In the past few months, we’ve seen a few clients, and parents of clients, mentally decline in a short amount of time. They had a handle on their financial things, but then pretty rapidly, things started to slip. In this post, I’m going to give you a few questions to think about asking your elderly parents. Or, if you’re in your seventies and eighties, they could be good questions to answer for your heirs.
#1: Do You Keep a List of All Your Accounts on File?
Ask them where that list is. If they don’t have a list drawn up, then it’s a good idea to compile one. Make sure that the people who are listed as designated beneficiaries are also included on that list. For example, if there’s any individual retirement accounts and other assets that may go to the children, save this information in a secure spot. And if they have a financial advisor, be sure contact information for the advisor is on the list as well.
Some clients give their most financially-minded kids an updated list once per year. And sometimes we even include the adult children in meetings with our elderly clients, so that they are in the loop of everything that’s going on. That’s important because it helps them understand that their parents have a plan, as well as if their parent becomes ill and can’t make decisions on their own behalf, they know what to do next.
#2: Do You Have a Plan? Is it Enough?
Find out whether your parents have a financial plan and a financial advisor. If you have a financial plan of your own, telling them about your plan is an excellent approach to finding out what they’ve got in place for themselves. Some parents will have a well thought out financial strategy that’s going to allow them to live comfortably into their late nineties or longer. Or, you may discover that they’re living on a strict budget and money’s scarce for them. If it’s apparent that you’re going to need to assist in their financial future, then start planning now, because this could have a really big impact on your own plan.
#3: Where is Your Will? Who is the Executor?
It’s important to understand whether you have a part in the estate plan and what your responsibility entails. Many of our clients name their children as executors of their estates or trustees of their trusts and wills. So, find out where your parents store their wills and estate paperwork, and which attorney has the most recent copy. Although most estate planning attorneys maintain an original copy on file, we encountered a few cases where no one could actually find the most recent update after a parent passed away.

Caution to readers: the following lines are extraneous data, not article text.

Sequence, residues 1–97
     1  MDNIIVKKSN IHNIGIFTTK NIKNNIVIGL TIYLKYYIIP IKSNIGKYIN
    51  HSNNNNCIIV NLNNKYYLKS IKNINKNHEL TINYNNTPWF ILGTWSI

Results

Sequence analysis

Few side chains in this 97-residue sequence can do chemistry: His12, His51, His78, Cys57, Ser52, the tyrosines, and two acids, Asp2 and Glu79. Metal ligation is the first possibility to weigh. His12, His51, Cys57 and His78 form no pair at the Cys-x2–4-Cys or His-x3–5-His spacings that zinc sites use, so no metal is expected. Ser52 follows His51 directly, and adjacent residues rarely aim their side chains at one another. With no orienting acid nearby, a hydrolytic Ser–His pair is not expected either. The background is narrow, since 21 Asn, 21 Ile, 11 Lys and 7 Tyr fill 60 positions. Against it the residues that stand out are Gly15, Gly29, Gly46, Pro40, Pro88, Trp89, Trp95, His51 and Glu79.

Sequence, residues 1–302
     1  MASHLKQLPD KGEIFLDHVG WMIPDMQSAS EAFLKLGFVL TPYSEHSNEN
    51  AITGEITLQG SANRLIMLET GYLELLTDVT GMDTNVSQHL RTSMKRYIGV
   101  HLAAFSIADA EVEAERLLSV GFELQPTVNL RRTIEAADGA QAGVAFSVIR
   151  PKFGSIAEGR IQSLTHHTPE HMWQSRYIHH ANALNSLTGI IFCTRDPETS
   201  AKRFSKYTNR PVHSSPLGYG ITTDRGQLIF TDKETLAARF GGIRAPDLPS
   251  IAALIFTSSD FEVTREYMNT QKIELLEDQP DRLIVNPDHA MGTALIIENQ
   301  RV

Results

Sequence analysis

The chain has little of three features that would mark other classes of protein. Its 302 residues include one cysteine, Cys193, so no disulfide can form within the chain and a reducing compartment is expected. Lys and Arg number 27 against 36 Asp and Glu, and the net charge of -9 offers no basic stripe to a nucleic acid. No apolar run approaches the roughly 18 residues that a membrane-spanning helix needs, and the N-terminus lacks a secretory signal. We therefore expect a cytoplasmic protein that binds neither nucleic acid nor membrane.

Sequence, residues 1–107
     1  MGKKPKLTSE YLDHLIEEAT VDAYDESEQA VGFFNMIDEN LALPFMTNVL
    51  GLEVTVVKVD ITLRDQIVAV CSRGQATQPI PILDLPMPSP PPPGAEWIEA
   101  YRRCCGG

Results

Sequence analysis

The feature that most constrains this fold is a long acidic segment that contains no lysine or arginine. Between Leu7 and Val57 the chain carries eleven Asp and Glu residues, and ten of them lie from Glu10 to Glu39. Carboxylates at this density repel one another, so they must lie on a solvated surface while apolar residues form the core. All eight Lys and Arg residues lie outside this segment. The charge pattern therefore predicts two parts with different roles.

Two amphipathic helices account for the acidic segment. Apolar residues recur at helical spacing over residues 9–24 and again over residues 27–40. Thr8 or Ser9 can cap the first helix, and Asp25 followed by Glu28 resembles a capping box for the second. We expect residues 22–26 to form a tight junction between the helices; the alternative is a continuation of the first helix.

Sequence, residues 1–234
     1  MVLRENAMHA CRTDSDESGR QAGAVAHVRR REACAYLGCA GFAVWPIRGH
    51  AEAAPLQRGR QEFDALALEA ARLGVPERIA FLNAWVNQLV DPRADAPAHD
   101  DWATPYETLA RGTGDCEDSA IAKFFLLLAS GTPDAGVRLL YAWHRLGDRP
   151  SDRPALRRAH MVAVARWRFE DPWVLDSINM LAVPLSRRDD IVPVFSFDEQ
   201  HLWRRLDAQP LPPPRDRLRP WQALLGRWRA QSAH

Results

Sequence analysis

If your parents are among those who do not have a will, encourage them to engage in this with an estate planning attorney and then assist in putting one in place. You may even offer to pay for it to be done. Unwinding in a state without paperwork is a lot more expensive and time-consuming than what it might cost for an attorney to draft up a will or trust.
#4: Do You Have Life Insurance?
Since these statements sometimes come less frequently than other brokerage or IRA statements, they’re often forgotten about, or they’re not included in the most recent updates, especially if it’s a small amount.
#5: Are There Any Special Bequests to Family or Friends?
They might have a special keepsake or heirloom that they want to pass along to someone specific. And if there’s a treasured item, having it clear ahead of time where it should go is an easy way to have less disagreements after they pass away.
#6: Who is Your Financial Power of Attorney?
Those are the legal documents that name a primary and secondary person to make financial decisions on their behalf if they become incapacitated.
#7: Who is Your Medical Power of Attorney?
Just like the Financial POA, this form makes sure that their wishes are clear on what they’d like to do if they become terminally ill or incapacitated, and who’s going to be helping make those decisions.
#8: Do You Have a Long-Term Care Plan?
Long-term care can be pretty expensive and it might be uncomfortable to bring this up, but it will give you both peace of mind knowing exactly what to expect out of all these possible situations that could happen.
#9: Are You on Top of All Your Bills?
This question could be a sensitive one, because no one wants to admit that they’re making mistakes, but if they’re not on top of their bills and their banking, checking, and all of that, it can be an early sign of mental decline.
Some other things to ask are: have you missed any bills or had any issues with the bank balance lately? Sometimes it’s a slow decline and missing bills or not balancing the check book could be a sign.
I know you love your parents and want what’s best for them. Because of this, it could be good idea to pick a few questions and start having these conversations the next time you talk.